The Government should consider allowing the police to confiscate the bikes of cyclists not carrying identification documents, Lord Sugar suggested today.
The star of BBC show The Apprentice agreed it was impractical to license cyclists but pointed to the example of the United States.
His comments came as peers called on the Government at question time in the House of Lords to take a firmer stance on bicycle riders who break the law. Labour peer Lord Sugar, a keen cyclist, asked Government transport spokesman Earl Attlee: "Is it mandatory for a cyclist using the roads to carry some form of identification on them?
"In the United States of America we are told to carry identification with us so that the police can take action against people who are riding on pavements or jumping lights. "If you don't have identification with you, they confiscate your bike and it is up to you to go and get it back and pay a big fine."
Lord Attlee replied that the Government had "no intention" of requiring cyclists to carry identification. Lord Attlee had told peers that in 2010 there had been 680 reported "personal injury road accidents" involving cyclists on pavements and 342 people appeared in a magistrates court for the offence of cycling on a footway. But he said the offence was usually dealt with by a fixed-penalty notice.
Labour's Lord Harrison told him: "One evening recently my wife and I stepped out to go to our local Chinese restaurant in Chester to be met by a young man on a bicycle advancing at speed. "When confronted and challenged he told us with an entirely straight face that as he did not have lights on his bike he was obliged to ride on the pavement."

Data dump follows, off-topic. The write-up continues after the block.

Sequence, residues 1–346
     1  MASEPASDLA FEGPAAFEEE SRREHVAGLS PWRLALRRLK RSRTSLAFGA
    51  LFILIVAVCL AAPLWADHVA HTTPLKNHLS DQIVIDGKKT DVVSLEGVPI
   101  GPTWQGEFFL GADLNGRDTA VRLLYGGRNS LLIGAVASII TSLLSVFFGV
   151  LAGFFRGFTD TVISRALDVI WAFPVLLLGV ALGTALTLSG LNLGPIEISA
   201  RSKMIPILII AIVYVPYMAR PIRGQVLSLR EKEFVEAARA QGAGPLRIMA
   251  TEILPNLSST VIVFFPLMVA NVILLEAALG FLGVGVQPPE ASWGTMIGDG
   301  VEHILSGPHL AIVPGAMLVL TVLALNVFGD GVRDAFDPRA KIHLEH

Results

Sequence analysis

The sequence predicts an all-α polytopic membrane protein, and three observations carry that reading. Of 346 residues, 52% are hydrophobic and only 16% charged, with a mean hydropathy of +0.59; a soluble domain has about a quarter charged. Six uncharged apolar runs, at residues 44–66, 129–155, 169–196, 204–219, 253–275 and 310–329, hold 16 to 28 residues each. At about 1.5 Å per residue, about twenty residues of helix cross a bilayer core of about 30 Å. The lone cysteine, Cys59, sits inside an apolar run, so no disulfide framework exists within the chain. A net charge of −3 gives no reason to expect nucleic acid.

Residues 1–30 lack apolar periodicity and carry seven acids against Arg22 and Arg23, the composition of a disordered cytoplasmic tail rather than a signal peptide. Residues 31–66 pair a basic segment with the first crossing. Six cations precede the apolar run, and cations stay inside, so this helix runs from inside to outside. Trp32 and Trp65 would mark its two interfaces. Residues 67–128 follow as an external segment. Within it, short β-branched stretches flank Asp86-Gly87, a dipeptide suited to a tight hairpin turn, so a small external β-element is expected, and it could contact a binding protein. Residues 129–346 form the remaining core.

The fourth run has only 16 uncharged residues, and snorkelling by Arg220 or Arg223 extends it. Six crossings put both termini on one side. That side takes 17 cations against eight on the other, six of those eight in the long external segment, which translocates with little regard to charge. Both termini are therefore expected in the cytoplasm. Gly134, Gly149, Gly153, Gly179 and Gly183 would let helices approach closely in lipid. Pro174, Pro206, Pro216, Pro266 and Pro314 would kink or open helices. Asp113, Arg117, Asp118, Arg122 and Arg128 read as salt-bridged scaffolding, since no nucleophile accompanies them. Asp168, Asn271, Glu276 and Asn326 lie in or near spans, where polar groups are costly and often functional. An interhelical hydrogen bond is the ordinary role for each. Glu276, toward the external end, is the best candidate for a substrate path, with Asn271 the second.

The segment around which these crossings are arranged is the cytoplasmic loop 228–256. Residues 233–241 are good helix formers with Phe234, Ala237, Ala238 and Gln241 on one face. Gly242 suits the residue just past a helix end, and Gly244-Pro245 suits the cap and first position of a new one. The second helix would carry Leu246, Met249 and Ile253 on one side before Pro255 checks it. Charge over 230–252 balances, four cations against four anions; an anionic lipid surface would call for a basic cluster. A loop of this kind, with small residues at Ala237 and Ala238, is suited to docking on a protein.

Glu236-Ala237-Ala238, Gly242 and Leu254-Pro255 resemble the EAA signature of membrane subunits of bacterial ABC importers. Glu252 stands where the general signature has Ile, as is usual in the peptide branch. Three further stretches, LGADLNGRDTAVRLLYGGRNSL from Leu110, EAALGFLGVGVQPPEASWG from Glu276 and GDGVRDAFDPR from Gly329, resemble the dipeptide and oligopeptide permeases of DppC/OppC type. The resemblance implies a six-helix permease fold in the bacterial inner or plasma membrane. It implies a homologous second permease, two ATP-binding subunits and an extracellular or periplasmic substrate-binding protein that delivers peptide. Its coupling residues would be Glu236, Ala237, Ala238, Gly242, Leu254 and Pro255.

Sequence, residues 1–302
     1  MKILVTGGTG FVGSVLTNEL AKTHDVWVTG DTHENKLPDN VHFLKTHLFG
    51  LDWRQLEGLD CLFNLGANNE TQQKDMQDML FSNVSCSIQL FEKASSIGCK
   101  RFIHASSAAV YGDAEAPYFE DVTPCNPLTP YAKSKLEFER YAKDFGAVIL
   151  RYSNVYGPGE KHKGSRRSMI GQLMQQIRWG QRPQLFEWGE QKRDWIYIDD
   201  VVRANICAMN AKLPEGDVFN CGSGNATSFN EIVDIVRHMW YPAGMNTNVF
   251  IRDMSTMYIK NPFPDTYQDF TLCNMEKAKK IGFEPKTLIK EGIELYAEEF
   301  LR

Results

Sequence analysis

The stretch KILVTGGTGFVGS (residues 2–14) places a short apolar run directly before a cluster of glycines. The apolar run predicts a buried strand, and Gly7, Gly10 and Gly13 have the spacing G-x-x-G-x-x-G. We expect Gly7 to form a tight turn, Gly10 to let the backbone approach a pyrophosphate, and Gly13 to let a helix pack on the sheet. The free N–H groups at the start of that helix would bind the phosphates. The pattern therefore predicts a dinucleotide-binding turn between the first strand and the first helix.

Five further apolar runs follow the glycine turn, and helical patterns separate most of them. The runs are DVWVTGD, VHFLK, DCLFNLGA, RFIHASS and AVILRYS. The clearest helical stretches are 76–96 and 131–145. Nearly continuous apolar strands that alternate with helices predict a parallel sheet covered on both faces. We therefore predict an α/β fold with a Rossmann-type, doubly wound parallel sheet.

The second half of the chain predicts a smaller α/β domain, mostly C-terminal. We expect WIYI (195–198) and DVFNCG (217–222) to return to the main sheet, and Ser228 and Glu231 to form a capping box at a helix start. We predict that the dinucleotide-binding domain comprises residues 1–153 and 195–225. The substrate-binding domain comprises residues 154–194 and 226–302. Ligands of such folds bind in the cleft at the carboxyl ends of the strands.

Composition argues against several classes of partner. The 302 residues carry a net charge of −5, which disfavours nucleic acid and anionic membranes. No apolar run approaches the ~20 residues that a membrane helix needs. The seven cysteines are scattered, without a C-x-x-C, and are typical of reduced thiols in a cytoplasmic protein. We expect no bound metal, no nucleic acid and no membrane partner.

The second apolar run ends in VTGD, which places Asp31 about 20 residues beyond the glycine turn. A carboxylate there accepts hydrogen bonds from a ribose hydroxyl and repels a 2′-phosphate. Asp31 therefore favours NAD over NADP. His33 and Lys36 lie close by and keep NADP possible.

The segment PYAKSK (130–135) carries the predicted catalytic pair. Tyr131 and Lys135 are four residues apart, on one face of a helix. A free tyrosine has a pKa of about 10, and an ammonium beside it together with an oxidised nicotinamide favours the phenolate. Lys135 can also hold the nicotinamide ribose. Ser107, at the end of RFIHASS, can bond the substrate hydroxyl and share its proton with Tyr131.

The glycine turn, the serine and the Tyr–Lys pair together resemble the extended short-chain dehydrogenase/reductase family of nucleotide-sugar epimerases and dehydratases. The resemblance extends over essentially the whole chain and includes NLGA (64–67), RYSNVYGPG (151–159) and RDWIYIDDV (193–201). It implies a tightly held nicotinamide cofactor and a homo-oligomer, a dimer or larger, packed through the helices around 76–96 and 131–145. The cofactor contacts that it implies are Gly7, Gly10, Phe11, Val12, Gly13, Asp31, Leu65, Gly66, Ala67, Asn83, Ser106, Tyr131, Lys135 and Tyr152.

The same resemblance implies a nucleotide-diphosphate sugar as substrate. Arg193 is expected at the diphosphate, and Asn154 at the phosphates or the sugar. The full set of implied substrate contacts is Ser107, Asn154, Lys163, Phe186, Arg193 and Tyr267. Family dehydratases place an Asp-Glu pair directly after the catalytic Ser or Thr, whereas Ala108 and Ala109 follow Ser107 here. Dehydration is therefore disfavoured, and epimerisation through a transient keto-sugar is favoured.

Lord Harrison called for police and community support officers (PCSOs) to be given greater powers to intervene, for cyclists to be given better education and for the roads to be made more bike friendly so riders did not feel compelled to take to pavements.
Lord Attlee said that PCSOs could offer fixed penalty notices to people riding on pavements but cyclists "may be more susceptible to a word in their ear".
Tory Baroness Knight of Collingtree asked if more could be done to educate cyclists as every other road user had to pass a test before they were allowed out.
Lord Attlee said the Government was providing £11million to local authorities so that 275,000 10-11-year-olds could benefit from training. He told peers: "Education is more important than enforcement, especially with youngsters. Frankly it is not realistic to issue a fixed-penalty notice to a 10-year-old."
Baroness Butler-Sloss, a retired judge and independent crossbench peer, asked what could be done "to encourage cyclists not to go through red lights and not to run down pedestrians on level crossings". Lord Attlee said the Government was concerned about the problem but it was an operational matter for the police.
Liberal Democrat Lord Bradshaw said there was "antipathy between all classes of road users". He added: "Bus drivers hate cyclists, pedestrians hate cyclists and motorists hate lorries."
And Labour's Lord Young of Norwood Green, who cycles to the Lords every day, said he experienced "just as many irresponsible motorists".
He added: "There are those who think it is OK to overtake on a hump-back bridge, those who think it is OK to go the wrong side of a traffic island to overtake and the motorist who kindly nearly ran me over on a roundabout this week.
"Surely we should be encouraging more people to cycle given we want a low-carbon economy and what we should be encouraging is responsible cycling and driving."
Lord Attlee said he "absolutely" agreed with Lord Young and encouraged everyone to read the Highway Code.